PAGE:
In my last column (Industry Forum, January 2003), I wrote about promoting investment through innovative business solutions. Based on a recent spate of negative data from the U.S. Department of Labor, it is becoming clear that manufacturers need to do more. The percentage of unemployed workers has increased by more than 50% between calendar year 2000 and the August 2003 annualized rate. At the same time, the trade deficit has sharply increased and may reach $500 billion in 2003, a 20% increase over 2002's record level of $418 billion.
Many companies are taking a quick-fix approach by cutting costs to save this quarter's profit margin. Closing facilities and outsourcing fabrication is often an immediate response. Another path may be to reduce staffing levels to record low numbers. This can cause permanent harm to a company. Damage arises in the form of lost know-how and less control over innovation and quality. So the puzzle to be solved is how to realize short-term objectives without putting a company's future in jeopardy. More simply put, how can we do more for less?
During the last year and a half at Eisenmann, a dedicated team worked to solve this puzzle. Theirs is a story worth sharing. Eisenmann is a worldwide supplier of paint finishing and conveyor systems for both the automotive and general industry.
The team started by asking some basic questions: Instead of out-sourcing work, could we invest further in our own fabrication facility and do more than just fabricate? Could we build and test entire systems before delivery? If possible, the benefits would be numerous.
Allowing entire engineering departments to witness the fabrication and assembly of all system components ensures that the day-to-day issues become part of their blood. The simple problems are found swiftly, allowing us to focus on the smaller details: How can we take 10 minutes off the assembly time of a repetitive item? How can we build this to make it more readily shippable? Or, how can maintainability be improved?
It is more difficult to make progress on these developments when components are purchased from various suppliers and assembled thousands of miles from the home office. The benefit of every engineer witnessing every day is invaluable.
Once we started in this direction, improvement became contagious, both within the company and with our customers. How do we integrate wireways, control panels, piping, duct systems and other components into the assembled structure so that we truly are delivering a completed module? Once the module is functioning, let's invite the customer to thoroughly check it prior to delivery. If this can be done for a $100,000 component, why can't it be done for a $100 million system?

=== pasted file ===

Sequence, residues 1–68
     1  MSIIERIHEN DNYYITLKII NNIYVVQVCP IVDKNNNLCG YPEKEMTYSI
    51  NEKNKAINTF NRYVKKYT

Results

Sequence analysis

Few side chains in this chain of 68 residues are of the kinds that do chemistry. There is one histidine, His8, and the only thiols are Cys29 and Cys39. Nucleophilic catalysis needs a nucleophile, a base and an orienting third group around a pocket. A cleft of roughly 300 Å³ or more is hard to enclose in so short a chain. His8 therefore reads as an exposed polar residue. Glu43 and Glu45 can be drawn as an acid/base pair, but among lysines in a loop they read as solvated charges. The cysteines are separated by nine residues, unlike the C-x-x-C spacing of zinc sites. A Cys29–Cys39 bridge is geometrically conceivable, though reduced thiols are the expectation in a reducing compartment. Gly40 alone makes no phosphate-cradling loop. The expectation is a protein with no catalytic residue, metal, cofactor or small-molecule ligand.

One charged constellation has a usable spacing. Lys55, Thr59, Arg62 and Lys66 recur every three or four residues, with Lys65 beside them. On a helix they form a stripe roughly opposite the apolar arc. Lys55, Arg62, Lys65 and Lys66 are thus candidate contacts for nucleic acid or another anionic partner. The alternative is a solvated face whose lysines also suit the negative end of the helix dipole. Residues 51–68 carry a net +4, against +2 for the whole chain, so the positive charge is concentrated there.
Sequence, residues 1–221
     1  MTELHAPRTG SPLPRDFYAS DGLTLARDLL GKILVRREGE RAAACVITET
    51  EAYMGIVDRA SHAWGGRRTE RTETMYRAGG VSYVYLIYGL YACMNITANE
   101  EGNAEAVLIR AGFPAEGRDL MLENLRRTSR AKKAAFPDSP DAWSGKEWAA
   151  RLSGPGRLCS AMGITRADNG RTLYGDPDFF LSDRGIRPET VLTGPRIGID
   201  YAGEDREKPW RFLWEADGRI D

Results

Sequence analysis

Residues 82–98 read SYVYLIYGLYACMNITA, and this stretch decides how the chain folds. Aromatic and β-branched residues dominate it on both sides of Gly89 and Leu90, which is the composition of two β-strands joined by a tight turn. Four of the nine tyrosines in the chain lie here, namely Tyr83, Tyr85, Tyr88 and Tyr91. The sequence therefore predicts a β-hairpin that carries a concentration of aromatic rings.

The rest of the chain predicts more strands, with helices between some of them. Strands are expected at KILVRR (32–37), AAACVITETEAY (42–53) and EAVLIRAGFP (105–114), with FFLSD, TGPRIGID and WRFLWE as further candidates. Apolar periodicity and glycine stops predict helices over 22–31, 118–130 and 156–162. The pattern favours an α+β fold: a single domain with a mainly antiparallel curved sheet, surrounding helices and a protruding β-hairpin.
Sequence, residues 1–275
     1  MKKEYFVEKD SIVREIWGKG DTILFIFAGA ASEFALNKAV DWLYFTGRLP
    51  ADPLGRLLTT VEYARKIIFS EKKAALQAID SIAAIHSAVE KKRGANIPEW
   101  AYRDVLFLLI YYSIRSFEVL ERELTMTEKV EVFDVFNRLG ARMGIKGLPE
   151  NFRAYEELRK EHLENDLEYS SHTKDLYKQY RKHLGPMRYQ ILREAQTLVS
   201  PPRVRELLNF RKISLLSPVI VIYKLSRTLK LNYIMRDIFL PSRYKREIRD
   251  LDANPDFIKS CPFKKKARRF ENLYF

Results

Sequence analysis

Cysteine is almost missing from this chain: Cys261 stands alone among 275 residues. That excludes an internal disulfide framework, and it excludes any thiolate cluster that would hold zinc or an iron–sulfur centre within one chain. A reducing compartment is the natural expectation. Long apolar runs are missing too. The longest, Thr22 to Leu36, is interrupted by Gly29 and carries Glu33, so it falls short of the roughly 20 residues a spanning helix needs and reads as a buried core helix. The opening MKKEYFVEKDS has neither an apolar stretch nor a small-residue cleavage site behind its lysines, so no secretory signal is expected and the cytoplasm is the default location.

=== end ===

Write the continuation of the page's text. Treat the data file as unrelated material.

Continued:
Costs for installation were halved since components were prefit and shipped in the order of assembly. The field time required to install the system was reduced by one-third. The cost of correcting mistakes (often at a labor premium) was nearly eliminated. Customers benefited from a system constructed in 20% less time, reducing cost and bringing product to market quicker. Avoiding external contractors meant that employees often repeated the same assignment, increasing efficiency and the revenue generated per employee.
While preassembling and testing the systems, we also invited prospective customers to see what we were doing. Showing control over each step of our process made a strong impression and contributed to our success at securing additional business.
The ultimate challenge came when we followed this process for a major automotive assembly plant. More than $100 million of equipment was preassembled and tested prior to delivery. The benefits of this large-scale effort were intensively magnified.
Depending on the capabilities or product line of a company, this approach may require modification. Nonetheless, it is worth noting that 100 dedicated employees can make a small dent in the current tide of negative statistics.